Kengo Kuma has designed the new building of Starbucks Reserve Roastery in Nakameguro, Tokyo, which is one of only five in the world. The project is not just the brand’s typical coffee shop, but a whole spectacle which offers a premium experience and an opportunity to be tried out rare coffee bevarages.
The four-storey building is very similar to Japan’s landscape and traditional crafts.
The balcony terraces are formed by timber fins jutting out from the facade.
Responsible for the interior fit-out was Liz Muller, chief design officer at Starbucks.
In the open-plan ground floor there are dining tables, chairs and also a small area selling Starbucks merchandise and bakery serving Italian food like focaccia and cornetti. The ceiling is lined with triangular blocks of stripped wood, which look like origami.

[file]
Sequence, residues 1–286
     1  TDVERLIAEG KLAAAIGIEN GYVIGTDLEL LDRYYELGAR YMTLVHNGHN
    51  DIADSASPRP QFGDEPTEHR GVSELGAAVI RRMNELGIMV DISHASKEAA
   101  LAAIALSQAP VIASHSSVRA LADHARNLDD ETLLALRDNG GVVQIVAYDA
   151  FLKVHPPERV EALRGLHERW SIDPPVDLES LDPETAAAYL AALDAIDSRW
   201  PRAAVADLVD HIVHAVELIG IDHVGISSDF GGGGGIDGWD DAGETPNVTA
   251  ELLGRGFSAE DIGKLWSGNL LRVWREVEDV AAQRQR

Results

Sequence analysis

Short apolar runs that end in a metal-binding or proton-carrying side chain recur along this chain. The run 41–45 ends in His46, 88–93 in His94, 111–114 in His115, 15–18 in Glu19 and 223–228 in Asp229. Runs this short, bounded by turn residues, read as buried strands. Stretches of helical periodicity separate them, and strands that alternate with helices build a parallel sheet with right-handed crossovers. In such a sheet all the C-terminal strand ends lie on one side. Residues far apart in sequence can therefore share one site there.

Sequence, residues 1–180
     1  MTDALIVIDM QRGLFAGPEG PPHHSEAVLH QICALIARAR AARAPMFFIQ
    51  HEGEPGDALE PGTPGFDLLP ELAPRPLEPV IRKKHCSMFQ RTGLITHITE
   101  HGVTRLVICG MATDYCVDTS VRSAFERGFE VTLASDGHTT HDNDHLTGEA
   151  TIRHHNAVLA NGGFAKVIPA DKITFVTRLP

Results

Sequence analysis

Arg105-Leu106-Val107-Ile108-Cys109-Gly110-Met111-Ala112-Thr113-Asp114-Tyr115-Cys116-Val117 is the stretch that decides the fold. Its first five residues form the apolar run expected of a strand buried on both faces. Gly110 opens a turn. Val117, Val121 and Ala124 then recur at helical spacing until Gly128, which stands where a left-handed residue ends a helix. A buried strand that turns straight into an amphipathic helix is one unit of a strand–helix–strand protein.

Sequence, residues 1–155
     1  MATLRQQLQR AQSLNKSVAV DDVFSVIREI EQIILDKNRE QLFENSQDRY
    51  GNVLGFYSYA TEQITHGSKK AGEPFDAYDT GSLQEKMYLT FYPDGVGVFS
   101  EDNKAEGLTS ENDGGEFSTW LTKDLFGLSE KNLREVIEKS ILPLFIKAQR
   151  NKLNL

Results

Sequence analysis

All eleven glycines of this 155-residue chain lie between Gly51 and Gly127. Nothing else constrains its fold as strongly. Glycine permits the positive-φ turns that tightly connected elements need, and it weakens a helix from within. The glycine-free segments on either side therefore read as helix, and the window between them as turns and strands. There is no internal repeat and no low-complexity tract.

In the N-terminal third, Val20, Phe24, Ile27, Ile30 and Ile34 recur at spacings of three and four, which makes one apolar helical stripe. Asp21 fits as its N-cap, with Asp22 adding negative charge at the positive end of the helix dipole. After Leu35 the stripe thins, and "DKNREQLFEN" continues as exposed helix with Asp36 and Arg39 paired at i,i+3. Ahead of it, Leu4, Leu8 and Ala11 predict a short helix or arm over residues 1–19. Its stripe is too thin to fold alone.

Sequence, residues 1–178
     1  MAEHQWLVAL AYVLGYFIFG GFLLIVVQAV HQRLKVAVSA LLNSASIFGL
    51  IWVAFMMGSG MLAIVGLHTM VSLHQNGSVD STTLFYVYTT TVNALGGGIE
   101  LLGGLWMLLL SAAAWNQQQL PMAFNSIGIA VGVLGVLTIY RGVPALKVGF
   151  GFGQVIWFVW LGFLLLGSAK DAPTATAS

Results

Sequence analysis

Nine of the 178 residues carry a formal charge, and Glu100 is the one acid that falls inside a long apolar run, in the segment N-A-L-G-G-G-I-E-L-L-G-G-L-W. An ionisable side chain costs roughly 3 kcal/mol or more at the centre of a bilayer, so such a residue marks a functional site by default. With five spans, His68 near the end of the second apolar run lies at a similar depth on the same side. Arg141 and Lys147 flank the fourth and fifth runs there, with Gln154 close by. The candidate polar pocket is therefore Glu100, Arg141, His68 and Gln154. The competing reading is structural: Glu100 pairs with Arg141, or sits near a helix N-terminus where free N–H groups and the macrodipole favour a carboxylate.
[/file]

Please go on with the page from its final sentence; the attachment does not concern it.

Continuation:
The first floor is intended for Japanease teas.
The second one is a cocktail bar Arriviamo, which serves alcohol-infused tipples like espresso martinis.
On the fourth floor is sited a lounge named Amu, which means in Japanese “knit together”. It can be used for community events. This level will also be used as a training space.
The focal point in the interior space is a huge 14-meter-high copper coffee-bean cask, which anchors the entrance of the venue, extending upwards through the building’s four floors. The cylindrical volume has a mottled surface created by in a process called “tsuchime” which sees a small hammer create a pattern of indentations.
Copper “cherry blossom flowers” dangle directly in front of the cask on fine pieces of string, so they appear to be floating in midair.
Kengu Kuma has worked before with the brand on other Starbucks branches. In 2018 he has stacked 29 recycled shipping containers to make a Starbucks coffee shop alongside a shopping centre in Hualien, Taiwan.
Photo by Kentaro Matsumoto